Oil rose as Saudi Arabia signaled OPEC and its allies could extend supply cuts to the end of the year, while Venezuela’s opposition leader called for a military uprising.
Crude futures added 1.5 percent in New York. Saudi Energy Minister Khalid Al-Falih said that the Organization of Petroleum Exporting Countries and its partners remain focused on reducing oil inventories, according to an interview by RIA Novosti published on Tuesday. Last week, U.S. President Donald Trump said the kingdom agreed to raise production as he tightens sanctions on Iran. In Venezuela, the government accused Juan Guaido of planning a coup after he appeared with soldiers in a video.
Oil climbed to a six-month high last week after the White House announced tougher measures to choke off exports from Iran, ending a series of waivers that currently shields some buyers of Iran crude from American sanctions. While the Saudis pledged to assist any customers lacking supplies, the kingdom also remains committed to a pact with Russia and other producers to keep a lid on output.
“In our opinion, OPEC+ will extend its cooperation and supply management for the remainder of 2019,” said Harry Tchilinguirian, head of commodity markets strategy at BNP Paribas SA in London.
WTI for June delivery rose 94 cents to $64.44 a barrel on the New York Mercantile Exchange as of 11:54 a.m. in London. The contract closed 0.3 percent higher on Monday, snapping a three-session drop.
Brent for June settlement, which expires Tuesday, gained 95 cents to $72.99 a barrel on the London-based ICE Futures Europe exchange. The contract, which slipped 0.2 percent on Monday, was at a premium of $8.37 to WTI. The more-active July contract added 86 cents.
The producers’ group will try to reduce commercial inventories and focus on “global oil output, trying to correct it via our OPEC+ agreement, maybe from July to the end of the year,” Al-Falih told RIA in Riyadh. Most ministers involved in the current cuts agreement favor an extension, he said.
Saudi Arabia is facing a tricky task to balance the market at it needs to revive its economy, while trying to placate Trump, who wants lower prices. International Monetary Fund data show the kingdom needs crude at about $85 a barrel — well above current levels — to balance its budget this year.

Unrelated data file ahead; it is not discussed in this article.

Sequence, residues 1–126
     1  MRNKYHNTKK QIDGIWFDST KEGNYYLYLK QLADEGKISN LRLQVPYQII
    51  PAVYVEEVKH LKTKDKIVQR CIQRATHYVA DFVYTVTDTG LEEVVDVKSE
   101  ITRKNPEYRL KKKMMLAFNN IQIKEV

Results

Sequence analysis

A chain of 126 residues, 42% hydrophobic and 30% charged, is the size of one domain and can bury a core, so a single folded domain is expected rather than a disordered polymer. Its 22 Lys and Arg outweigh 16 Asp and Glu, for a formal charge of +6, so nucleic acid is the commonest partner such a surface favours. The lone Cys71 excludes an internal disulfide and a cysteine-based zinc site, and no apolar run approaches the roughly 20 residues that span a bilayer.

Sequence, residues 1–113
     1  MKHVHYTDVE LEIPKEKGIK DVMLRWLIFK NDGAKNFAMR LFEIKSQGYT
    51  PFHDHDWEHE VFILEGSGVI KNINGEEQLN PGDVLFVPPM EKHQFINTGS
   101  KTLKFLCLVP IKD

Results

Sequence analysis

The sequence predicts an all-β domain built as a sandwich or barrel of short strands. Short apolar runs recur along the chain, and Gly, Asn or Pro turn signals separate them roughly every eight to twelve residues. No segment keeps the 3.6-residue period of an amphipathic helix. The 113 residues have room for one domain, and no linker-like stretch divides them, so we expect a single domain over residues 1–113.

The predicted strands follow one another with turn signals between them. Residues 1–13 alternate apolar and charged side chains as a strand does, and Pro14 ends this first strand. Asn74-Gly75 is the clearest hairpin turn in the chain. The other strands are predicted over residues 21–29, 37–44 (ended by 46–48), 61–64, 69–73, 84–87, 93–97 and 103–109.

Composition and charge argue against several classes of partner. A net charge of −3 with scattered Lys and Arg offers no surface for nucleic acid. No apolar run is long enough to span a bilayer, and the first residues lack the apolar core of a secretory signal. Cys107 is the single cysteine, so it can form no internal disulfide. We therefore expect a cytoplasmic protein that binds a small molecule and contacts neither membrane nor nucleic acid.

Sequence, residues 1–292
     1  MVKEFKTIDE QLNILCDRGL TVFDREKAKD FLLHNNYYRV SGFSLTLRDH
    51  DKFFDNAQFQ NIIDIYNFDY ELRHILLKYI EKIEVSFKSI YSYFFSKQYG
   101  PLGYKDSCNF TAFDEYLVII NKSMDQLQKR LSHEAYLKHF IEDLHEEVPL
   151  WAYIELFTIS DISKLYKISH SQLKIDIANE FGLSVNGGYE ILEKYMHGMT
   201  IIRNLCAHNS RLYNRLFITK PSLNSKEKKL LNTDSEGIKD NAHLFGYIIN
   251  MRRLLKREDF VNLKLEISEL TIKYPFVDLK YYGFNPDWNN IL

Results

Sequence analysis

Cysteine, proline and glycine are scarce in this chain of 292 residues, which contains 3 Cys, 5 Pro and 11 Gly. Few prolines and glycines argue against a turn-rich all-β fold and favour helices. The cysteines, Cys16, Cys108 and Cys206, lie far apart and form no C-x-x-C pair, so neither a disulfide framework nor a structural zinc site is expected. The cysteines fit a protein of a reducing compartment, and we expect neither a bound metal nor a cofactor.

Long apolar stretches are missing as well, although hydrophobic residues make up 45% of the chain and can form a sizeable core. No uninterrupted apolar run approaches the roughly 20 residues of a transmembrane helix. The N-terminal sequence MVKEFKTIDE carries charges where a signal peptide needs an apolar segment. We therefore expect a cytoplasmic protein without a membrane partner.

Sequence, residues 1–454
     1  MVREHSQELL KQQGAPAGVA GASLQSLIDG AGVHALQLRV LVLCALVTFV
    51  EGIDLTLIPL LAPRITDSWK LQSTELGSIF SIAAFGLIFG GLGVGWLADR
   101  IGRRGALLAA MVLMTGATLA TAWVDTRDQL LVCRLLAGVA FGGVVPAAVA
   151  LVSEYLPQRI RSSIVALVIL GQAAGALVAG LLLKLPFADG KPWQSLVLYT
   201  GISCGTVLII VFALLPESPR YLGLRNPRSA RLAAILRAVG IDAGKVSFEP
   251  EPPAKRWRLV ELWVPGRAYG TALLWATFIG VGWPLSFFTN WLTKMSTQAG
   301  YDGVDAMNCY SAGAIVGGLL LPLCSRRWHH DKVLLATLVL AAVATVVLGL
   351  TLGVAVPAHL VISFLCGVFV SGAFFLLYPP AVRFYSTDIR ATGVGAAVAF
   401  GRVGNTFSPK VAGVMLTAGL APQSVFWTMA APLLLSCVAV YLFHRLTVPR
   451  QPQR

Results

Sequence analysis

Venezuela’s Guaido went to a military base in the nation’s capital to proclaim the end of socialist President Nicolas Maduro’s regime and called for a military uprising. A spokesman for the government said its soldiers would move against the opposition leader and the “small group of military traitors.”
A further deterioration of Venezuela’s output could test the ability of Saudi Arabia and its allies to make up for the loss, if their capacity has already been strained by filling the gap created by U.S. sanctions on Iran.
Other oil-market news: U.S. crude stockpiles rose by 1.5 million barrels in the week through April 26, according to a Bloomberg survey before official data due Wednesday. Turkey is seeking ways to buy more oil from Iraq, already a major supplier of crude to the Middle East’s biggest economy, as the U.S. looks to squeeze exports from Iran, according to two people familiar with the matter. Poland is using oil stockpiles to maintain normal operations at two refineries supplied by the Druzhba pipeline, which has been halted, the International Energy Agency said in a statement. Belarus expects it will take “ several months of hard work” to fully normalize crude flows via the Druzhba pipeline, a more pessimistic estimate than those coming from Russia.